@sanjaysharmarose **g(x) will take O(n) per level** ( __ not per node__ ) so T.C. will be (total no. of levels)*(T.C. per level) = O(log(n))*O(n) = O(n*log(n)).

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88 votes

A program takes as input a balanced binary search tree with $n$ leaf nodes and computes the value of a function $g(x)$ for each node $x$. If the cost of computing $g(x)$ is: $$\Large \min \left ( \substack{\text{number of leaf-nodes}\\\text{in left-subtree of $x$}}\;,\; \substack{\text{number of leaf-nodes}\\\text{in right-subtree of $x$}}\right )$$

Then the worst-case time complexity of the program is?

- $\Theta (n)$
- $\Theta (n \log n)$
- $\Theta(n^2)$
- $\Theta (n^2\log n)$

@sanjaysharmarose **g(x) will take O(n) per level** ( __ not per node__ ) so T.C. will be (total no. of levels)*(T.C. per level) = O(log(n))*O(n) = O(n*log(n)).

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@ Bikram

“we first need to count no. of leaf in left sub-tree, then no. of leaf in right sub-tree + compare them to find minimum”

Here when we see the recurrence relation that you proposed, how are we sure that there will be exactly n/2 leaf nodes in both left sub-tree and right sub-tree? like there can be n/3 leaf nodes in left sub-tree and 2n/3 leaf nodes in right sub-tree.

I hope you got my doubt!

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102 votes

Best answer

B. At the root node (first level) the cost would be $\Theta\left(\frac{n}{2}\right)$ as the tree is **balanced**.

At next level, we have 2 nodes and for each of them cost of computing $g(x)$ will be $\Theta\left(\frac{n}{4}\right)$. So, total cost at second level $= \Theta\left(\frac{n}{2}\right).$ Similarly at **each level **(total cost per level and not the cost per node in a level) the cost would be $\Theta\left(\frac{n}{2}\right)$ and so for $\log n$ levels it would be $\Theta({n} \log n).$

PS: Even if we change $\min$ to $\max$ in the defintion of $g(x)$ we get the same answer.

@Pabitra

“min(number of leaf-nodes in left-subtree of x,number of leaf-nodes in right-subtree of x) “ is **COST** of computing g(x) not the g(x) itself. g(x) is itself not known.

Question is about finding time complexity of program which calculates g(x) for each node (we know the cost of calculating g(x) only).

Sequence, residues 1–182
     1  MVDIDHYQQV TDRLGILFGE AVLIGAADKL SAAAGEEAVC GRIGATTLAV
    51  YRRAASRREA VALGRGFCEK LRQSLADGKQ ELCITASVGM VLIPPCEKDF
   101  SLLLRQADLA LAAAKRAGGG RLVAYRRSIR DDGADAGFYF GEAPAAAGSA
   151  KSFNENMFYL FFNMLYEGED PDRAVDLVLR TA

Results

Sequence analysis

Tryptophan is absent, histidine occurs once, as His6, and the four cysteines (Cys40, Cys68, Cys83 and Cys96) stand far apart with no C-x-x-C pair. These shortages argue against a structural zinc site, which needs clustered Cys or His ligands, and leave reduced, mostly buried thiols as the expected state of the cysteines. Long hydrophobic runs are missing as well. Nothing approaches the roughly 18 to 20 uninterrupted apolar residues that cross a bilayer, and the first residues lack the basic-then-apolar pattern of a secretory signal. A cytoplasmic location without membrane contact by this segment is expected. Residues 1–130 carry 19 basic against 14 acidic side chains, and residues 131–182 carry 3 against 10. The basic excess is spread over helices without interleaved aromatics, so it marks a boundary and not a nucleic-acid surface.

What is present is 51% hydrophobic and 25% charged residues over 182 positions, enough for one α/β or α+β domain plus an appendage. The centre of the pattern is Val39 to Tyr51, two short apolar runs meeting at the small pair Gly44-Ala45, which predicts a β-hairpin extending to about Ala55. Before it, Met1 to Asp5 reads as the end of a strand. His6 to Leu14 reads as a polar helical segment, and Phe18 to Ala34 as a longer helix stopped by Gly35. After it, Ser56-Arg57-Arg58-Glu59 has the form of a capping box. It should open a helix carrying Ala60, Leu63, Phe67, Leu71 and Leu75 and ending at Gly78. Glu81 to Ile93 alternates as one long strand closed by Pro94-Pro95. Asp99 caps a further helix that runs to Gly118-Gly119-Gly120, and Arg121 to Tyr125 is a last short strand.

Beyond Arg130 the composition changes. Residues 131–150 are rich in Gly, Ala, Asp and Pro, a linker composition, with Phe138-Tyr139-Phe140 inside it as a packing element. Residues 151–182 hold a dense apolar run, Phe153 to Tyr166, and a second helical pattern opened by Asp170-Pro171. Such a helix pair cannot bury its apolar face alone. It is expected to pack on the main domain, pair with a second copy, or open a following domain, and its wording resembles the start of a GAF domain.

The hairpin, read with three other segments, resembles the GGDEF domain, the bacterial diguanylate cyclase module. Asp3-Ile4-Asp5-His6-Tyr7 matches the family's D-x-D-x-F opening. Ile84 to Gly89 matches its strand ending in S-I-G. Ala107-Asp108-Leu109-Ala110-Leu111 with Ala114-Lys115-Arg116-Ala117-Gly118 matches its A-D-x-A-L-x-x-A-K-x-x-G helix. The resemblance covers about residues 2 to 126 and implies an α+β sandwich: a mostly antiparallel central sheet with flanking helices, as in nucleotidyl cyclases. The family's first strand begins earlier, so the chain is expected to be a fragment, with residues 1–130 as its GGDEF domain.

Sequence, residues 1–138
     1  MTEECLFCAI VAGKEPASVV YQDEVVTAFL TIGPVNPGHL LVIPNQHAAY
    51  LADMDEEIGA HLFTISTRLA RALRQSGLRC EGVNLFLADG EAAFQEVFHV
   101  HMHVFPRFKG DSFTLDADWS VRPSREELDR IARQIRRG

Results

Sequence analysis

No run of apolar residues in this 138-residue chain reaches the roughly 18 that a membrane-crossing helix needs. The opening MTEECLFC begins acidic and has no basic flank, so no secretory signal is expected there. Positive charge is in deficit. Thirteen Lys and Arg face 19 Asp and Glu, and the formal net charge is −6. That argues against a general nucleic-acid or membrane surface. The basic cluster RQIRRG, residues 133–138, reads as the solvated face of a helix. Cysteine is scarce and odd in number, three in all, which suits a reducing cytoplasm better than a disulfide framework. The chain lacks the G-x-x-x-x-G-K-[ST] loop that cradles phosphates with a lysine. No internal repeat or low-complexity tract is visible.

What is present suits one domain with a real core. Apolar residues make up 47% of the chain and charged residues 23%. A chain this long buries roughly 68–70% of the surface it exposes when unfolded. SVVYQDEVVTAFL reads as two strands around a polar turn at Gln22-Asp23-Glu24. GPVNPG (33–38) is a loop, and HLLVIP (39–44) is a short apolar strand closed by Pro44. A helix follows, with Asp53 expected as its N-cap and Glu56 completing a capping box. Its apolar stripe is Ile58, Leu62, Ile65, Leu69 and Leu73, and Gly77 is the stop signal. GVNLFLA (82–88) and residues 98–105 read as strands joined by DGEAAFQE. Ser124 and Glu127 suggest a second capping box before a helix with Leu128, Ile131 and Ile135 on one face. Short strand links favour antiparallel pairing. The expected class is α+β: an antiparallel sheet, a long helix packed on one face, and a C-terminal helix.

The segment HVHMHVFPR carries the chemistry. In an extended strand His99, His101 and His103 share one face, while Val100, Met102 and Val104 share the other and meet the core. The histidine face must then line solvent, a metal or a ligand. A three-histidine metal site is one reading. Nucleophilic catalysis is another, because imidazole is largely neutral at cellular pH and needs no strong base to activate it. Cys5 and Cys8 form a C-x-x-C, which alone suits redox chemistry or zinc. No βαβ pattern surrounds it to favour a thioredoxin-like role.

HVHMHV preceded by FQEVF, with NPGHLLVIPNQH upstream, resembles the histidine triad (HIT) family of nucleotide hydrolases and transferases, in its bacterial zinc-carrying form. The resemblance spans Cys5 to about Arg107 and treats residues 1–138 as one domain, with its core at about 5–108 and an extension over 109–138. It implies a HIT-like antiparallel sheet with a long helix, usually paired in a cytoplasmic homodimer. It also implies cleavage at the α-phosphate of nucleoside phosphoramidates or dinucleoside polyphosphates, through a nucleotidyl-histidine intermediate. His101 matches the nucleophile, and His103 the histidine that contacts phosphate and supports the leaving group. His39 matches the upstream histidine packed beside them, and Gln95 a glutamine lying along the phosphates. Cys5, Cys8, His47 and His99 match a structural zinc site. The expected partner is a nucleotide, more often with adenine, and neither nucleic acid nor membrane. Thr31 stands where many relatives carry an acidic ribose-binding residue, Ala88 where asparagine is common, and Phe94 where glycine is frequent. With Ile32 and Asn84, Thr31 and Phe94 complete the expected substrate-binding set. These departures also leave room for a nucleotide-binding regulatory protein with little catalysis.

n is no. of leafs.

By doing recursion we can find no. of leaf nodes at each subtree in O(n) and can be stored at each node.

Later calculate level wise total cost as explained above.

PS: Read answer below by Arjun Sir and all its comment for better understanding.

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@hollow_mind Asymptotically ans should not change. As n is taken as total no. of nodes (tree being balanced BST)→

height of tree h = logn

max leaf = 2^h = Theta(n)

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43 votes

Do a post order traversal and store and return $\min \left( \text{g}(x \rightarrow left), \text{g}(x \rightarrow right ) \right )$ for all non leaf nodes and store $0$ for all leaf nodes and return 1. BST being balanced, with n leaf nodes we can have total 2n nodes and complexity of tree traversal is linear in number of nodes- $\Theta(n)$.

But this is just computing the time complexity of $g(x)$ for each node- not exactly what is asked in question.

Actually the procedure I gave is computing the **COST of** computing the value of $g(x)$ which would have been correct had the question been defined as

$g(x) = \Large \min \left ( \substack{\text{number of leaf-nodes}\\ \text{in left-subtree of x}}\;,\; \substack{\text{number of leaf-nodes}\\\text{in right-subtree of x}}\right )$.

The correct answer for this would be $\Theta(n \log n)$ as at each level, the cost is $\Theta(n)$ and we have $\log n$ levels since the tree is balanced.

Correct Answer: $B$

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20 votes

**1.if we use simple divide and conquer technique(without using extra space)**

we first need to count no. of leaf in left subtree,then no. of leaf in right subtree+compare them to find minimum.

**T(n)=2T(n/2)+1----->O(n)**

but **we need to compute this for every node.**

so, cost at 0 th level=O(n)

cost at 1st level=n/2+n/2=O(n)

cost at 2nd level=n/4+n/4+n/4+n/4=O(n)\

we have total of **logn** levels (because tree is balanced) and cost at every level is O(n).

Hence total cost is=n*logn=O(nlogn)

**2.if we use extra memory to store no of leaf at left subtree and at right subtree for every node**

we don't need to go to last level for every node.

1.compute for every leaf node.

2.then use those values to compute at all nodes at (h-1) level till root.

so,** time complexity** of this method is equal to** O(n)**,since we are calculating value for each node and doing only one comparison.

**space complexity** is also** O(n)**,since we are using extra memory for every node.

since question is asking about** worst case time complexity**,so we have **O(nlogn)** .

16 votes

Let us assume a balanced binary tree containing n leaf nodes. We have to compute g(x) corresponding to every node x and the cost of computing g(x) is

min(number of leaf-nodes in left-subtree of x,number of leaf-nodes in right-subtree of x).

we start from root and compute g(x) corresponding to every node.g(root) = min(n/2 , n/2) = **Θ(n/2) =Θ(n).**

Cost at level 1 :**Θ(n).**

Cost corresponding to second level :

g(left_node)= min(n/4,n/4)=n/4

g(right_node)=min(n/4,n/4)=n/4

Total cost at level 2 :**Θ(n/4 + n/4) =Θ(n/2)=Θ(n)**

Similarly total cost at level 3 : **Θ(n/8 + n/8 +n/8 + n/8)=Θ(n/2)=Θ(n)**

...There are totally log n levels since it is a balanced binary search tree and cost at every level is **Θ(n).**

There fore time complexity of the program is **Θ(n) . log n =Θ(n logn).**

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